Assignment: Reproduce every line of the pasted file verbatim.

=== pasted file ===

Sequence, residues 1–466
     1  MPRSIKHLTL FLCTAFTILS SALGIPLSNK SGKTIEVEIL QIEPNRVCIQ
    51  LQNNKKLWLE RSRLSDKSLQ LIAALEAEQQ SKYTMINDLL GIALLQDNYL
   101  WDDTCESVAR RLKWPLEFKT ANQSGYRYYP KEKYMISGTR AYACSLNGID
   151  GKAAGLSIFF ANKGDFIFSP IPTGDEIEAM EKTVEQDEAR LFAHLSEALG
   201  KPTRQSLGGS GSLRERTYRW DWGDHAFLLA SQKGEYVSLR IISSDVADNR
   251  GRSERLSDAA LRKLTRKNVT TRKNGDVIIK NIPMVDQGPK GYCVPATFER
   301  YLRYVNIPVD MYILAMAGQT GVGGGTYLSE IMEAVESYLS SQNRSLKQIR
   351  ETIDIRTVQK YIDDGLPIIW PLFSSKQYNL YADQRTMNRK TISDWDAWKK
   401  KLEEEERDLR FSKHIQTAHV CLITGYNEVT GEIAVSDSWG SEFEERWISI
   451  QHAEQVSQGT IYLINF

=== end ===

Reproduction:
Sequence, residues 1–466
     1  MPRSIKHLTL FLCTAFTILS SALGIPLSNK SGKTIEVEIL QIEPNRVCIQ
    51  LQNNKKLWLE RSRLSDKSLQ LIAALEAEQQ SKYTMINDLL GIALLQDNYL
   101  WDDTCESVAR RLKWPLEFKT ANQSGYRYYP KEKYMISGTR AYACSLNGID
   151  GKAAGLSIFF ANKGDFIFSP IPTGDEIEAM EKTVEQDEAR LFAHLSEALG
   201  KPTRQSLGGS GSLRERTYRW DWGDHAFLLA SQKGEYVSLR IISSDVADNR
   251  GRSERLSDAA LRKLTRKNVT TRKNGDVIIK NIPMVDQGPK GYCVPATFER
   301  YLRYVNIPVD MYILAMAGQT GVGGGTYLSE IMEAVESYLS SQNRSLKQIR
   351  ETIDIRTVQK YIDDGLPIIW PLFSSKQYNL YADQRTMNRK TISDWDAWKK
   401  KLEEEERDLR FSKHIQTAHV CLITGYNEVT GEIAVSDSWG SEFEERWISI
   451  QHAEQVSQGT IYLINF